Jurong Island Opened
#onthisday (14 Oct) in 2000, Jurong Island was officially opened.
In the 1980s, to maintain Singapore’s global competitive edge, there was a pressing need for us to diversify beyond electronics manufacturing. One way was to build up our petroleum and petrochemical industries which had been around since 1891. There was a scarcity of industrial land on mainland Singapore – so we joined seven small islands, such as Pulau Ayer Chawan, Pulau Ayer Merbau, and Pulau Merlimau, to form Jurong Island.
On Jurong Island, companies enjoy cost savings through shared third-party utilities and services, and build synergy through product integration. Its land is also utilised efficiently, with the Jurong Lake Caverns creating 1.47 million cubic metres of storage space about 130m below the surface, freeing up 60 hectares of land on the ground.
Today, even with no oil or natural gas, Singapore is one of the world’s leading energy and chemicals hub, and home to one of the world’s largest oil refining centres, with more than 100 leading petroleum, petrochemical, and speciality chemical companies.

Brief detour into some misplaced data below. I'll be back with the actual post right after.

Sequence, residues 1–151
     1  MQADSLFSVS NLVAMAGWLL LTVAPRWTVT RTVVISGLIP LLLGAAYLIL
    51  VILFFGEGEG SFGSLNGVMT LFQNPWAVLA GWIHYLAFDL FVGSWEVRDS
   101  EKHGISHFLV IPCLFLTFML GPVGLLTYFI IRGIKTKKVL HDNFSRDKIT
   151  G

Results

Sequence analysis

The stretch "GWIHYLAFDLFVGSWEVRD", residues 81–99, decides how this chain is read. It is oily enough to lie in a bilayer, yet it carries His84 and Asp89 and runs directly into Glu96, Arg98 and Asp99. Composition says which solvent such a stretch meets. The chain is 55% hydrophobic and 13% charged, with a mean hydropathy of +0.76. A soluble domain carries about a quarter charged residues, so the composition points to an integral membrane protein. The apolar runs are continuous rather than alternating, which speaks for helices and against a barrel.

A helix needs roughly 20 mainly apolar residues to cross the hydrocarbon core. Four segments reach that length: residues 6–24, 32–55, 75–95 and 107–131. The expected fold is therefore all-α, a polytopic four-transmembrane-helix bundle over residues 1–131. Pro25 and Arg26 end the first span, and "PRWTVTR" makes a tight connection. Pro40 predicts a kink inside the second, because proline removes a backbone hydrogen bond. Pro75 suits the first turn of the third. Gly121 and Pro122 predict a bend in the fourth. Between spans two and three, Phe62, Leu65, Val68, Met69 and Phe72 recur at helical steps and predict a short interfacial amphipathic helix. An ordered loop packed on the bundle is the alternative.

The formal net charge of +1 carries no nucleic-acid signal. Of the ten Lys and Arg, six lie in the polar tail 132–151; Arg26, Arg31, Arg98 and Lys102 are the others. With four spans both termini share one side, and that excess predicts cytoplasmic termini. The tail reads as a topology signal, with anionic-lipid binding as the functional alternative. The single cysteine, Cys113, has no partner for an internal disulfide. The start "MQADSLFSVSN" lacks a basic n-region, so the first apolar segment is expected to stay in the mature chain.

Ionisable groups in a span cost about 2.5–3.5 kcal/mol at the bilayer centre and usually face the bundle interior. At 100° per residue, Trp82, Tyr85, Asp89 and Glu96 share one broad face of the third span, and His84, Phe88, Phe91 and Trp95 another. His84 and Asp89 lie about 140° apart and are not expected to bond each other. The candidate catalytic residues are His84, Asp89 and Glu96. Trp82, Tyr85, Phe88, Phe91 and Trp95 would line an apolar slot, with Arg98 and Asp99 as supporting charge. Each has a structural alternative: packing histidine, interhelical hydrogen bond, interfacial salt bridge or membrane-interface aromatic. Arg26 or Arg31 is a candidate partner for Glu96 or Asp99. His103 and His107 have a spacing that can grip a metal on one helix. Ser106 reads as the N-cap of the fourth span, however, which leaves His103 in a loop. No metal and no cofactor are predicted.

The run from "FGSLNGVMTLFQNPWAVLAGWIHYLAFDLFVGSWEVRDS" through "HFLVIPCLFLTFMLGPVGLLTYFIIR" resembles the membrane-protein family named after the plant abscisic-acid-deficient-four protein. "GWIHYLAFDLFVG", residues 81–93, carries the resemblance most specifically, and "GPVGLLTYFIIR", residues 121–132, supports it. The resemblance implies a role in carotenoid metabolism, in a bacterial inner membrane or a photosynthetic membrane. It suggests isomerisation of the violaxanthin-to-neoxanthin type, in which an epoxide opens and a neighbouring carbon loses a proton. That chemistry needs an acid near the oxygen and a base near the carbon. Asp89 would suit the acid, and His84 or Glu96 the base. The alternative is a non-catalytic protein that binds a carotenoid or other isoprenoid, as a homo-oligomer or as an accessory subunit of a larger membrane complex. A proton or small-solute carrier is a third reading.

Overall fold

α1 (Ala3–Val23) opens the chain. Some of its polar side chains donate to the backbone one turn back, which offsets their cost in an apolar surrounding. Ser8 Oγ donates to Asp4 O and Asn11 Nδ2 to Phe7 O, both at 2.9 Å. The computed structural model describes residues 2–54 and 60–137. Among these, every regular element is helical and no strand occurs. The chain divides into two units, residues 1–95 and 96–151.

But Jurong Island is also preparing itself for the future. It is transforming itself to focus on specialty chemicals, which are higher up the value chain. A two-year study to reduce the use of resources and transform Jurong Island into a sustainable energy and chemicals park, in line with the Singapore Green Plan 2030, was also recently concluded. Initiatives will be launched here, to create greener industrial processes and harness sustainability as a competitive advantage.
To ensure competitiveness and sustainable growth, Jurong Island will continue to adapt and find solutions to challenges. And Singapore, like Jurong Island, will not stay still but keep moving forward to meet new challenges.
📸: JTC Corporation